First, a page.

Olympiastadion, Berlin, 30.06.2006

4-2 PSO (0-0, 1-1, 1-1aet)
Klose 80. / Ayala 49.
Penalties: Neuville 1-0; Cruz 1-1; Ballack 2-1; Ayala SAVED; Podolski 3-1; Maxi Rodríguez 3-2; Borowski 4-2; Cambiasso SAVED

The Nationalmannschaft’s convincing victory over Sweden had swept them into the last eight on a wave of rekindled popular support, and for many German football had reclaimed its rightful place amongst the world’s élite. The side had not beaten one of football’s world powers for more than five years – the 1-0 victory over England at Wembley in 2000 – yet confidence would be high ahead of their meeting with Argentina in Berlin’s Olympiastadion.

Like the Germans, José Pekerman’s side had reached the quarter-finals with very little fuss – and had impressed the watching world with a number of classy displays, the highlight being a six-goal rout of dark horses Serbia. Topping a tough first-phase group that had included the Serbs, a much-fancied Netherlands side and Africa’s finest in the form of the Côte d’Ivoire, Argentina would then come back from behind to beat a spirited Mexico 2-1 in extra-time to book their afternoon in Berlin.

While the world’s pundits favoured the Albiceleste, the statistical records would favour Jürgen Klinsmann’s side: overall, the South Americans would have the better record with seven wins from seventeen games against the Germans’ five, but in the four FIFA World Cup matches played between the two teams the Germans had the edge with two wins (1958, 1990), one defeat (1986) and one draw (1966). Then there would be the additional advantage of playing at home in front of over seventy-thousand people.

The German Nationaltrainer would have a full-strength squad at his disposal once again, and found himself able to select the same eleven that had started against the Swedes. There would be no change to the 4-4-2 system that had produced four straight victories, with strikers Miroslav Klose and Lukas Podolski leading the line in front of a confident midfield quartet that had a balance of style and steel.

Slovak referee Ľuboš Micheľ would lead both sides out to rapturous applause from the home supporters, and apart from a few patches of light blue the stadium would be full of German flags. The home side would once again be wearing their traditional Schwarz und Weiß ensemble, while the Argentine opponents would be kitted out in their change colours of dark blue shirts, black shorts and dark blue socks.

[match report]

With just ten minutes remaining, Miroslav Klose steals in front of the Argentinian defence to head in the equaliser

Elfmeterkiller Jens Lehmann dives to his left to deny Esteban Cambiasso, and Germany are in the semi-final

Not content to lose with dignity, the Argentinians spark off an on-field scuffle after the match. The incident would see man of the match Torsten Frings miss the semi-final against Italy.

The drama would not end with the nail-biting Elfmeterschießen, however. Clearly put out by their defeat, the Argentinians would react in a manner that had sadly become all too common. Rather than accepting the fate with dignity, they instead chose to spark off a mass-brawl that would see everyone from players, substitutes and officials get involved.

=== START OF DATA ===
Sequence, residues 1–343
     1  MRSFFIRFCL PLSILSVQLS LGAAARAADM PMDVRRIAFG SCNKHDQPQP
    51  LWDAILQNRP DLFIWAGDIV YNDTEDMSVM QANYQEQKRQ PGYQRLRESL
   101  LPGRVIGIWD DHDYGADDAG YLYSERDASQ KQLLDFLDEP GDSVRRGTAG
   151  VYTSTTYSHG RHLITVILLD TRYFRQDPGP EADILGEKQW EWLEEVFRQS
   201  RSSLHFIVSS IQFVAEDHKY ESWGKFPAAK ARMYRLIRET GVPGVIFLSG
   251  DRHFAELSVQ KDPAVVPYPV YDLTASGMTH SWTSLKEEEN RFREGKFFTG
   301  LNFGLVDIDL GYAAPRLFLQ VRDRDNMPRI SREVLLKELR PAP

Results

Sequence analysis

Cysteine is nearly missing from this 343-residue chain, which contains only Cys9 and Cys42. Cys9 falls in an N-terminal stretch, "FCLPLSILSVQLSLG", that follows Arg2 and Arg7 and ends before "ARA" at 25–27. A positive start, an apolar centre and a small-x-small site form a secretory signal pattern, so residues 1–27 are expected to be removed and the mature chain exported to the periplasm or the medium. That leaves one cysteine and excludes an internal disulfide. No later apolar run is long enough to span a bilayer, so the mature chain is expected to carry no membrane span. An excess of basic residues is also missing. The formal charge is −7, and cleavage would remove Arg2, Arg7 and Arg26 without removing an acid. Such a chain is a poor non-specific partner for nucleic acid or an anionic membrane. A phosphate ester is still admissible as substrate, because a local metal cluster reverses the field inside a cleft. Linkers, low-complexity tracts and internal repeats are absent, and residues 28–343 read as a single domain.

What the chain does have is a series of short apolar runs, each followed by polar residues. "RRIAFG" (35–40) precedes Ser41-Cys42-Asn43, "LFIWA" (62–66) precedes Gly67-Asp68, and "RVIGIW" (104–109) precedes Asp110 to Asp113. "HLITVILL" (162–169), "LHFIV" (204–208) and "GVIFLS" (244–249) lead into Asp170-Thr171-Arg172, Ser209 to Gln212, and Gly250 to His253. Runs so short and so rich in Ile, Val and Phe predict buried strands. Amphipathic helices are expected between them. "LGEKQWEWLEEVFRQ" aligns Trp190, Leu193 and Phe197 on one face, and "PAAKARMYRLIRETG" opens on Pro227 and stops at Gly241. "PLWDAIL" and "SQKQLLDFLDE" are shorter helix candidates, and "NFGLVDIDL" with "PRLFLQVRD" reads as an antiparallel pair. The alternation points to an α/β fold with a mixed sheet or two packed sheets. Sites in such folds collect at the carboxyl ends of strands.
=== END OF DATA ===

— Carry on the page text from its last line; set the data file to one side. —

In the 1990 Argentina had become the first team to have a player sent off in the World Cup final – also against Germany – and in Berlin they would set yet another unsavoury disciplinary record when unused substitute Leandro Cufré became the first man to be shown a red card after the final whistle following an unprovoked assault on Per Mertesacker. Everyone waded in, kicks and punches were thrown, and even German team manager Oliver Bierhoff found himself at the centre of the melée.

While the Argentinians would once again parade their inability to take defeat like men and leave the tournament in disgrace, the post-match fracas would also affect the German team. No doubt provoked by an opponent, midfielder Torsten Frings was seen to have thrown a badly-aimed punch at Julio Cruz – with the pictures being highlighted by an Italian television station Sky Italia.

Frings – Germany’s Man of the Match and one of the core players in the Mannschaft’s successful midfield quartet – would receive a one-match ban (two matches with one suspended), ruling him out of the semi-final in Dortmund. It would be a bizarre decision, particularly given FIFA’s earlier decision not to take action against the German players. Frings’ suspension and the role of the Italian media would provide the obvious twist ahead of the semi-final, where Germany’s opponents would be… Italy.

Germany: Lehmann – Friedrich, Mertesacker, Metzelder, Lahm – Schneider (62. Odonkor), Frings, Ballack (c), Schweinsteiger (74. Borowski) – Klose (86. Neuville), Podolski

Argentina: Abbondanzieri (71. Franco) – Coloccini, Ayala, Heinze, Sorín – González, Mascherano, Maxi Rodríguez – Riquelme (72. Cambiasso) – Tévez, Crespo (79. Cruz)

Referee: Ľuboš Micheľ (Slovakia)
Assistants: Roman Slysko (Slovakia), Martin Balko (Slovakia)
Fourth Official: Massimo Busacca (Switzerland)
Fifth Official: Francesco Buragina (Switzerland)

Yellow Cards: Podolski, Odonkor, Friedrich / Sorín, Mascherano, Maxi Rodríguez, Cruz
Red Cards: – / –

Attendance: 72,000

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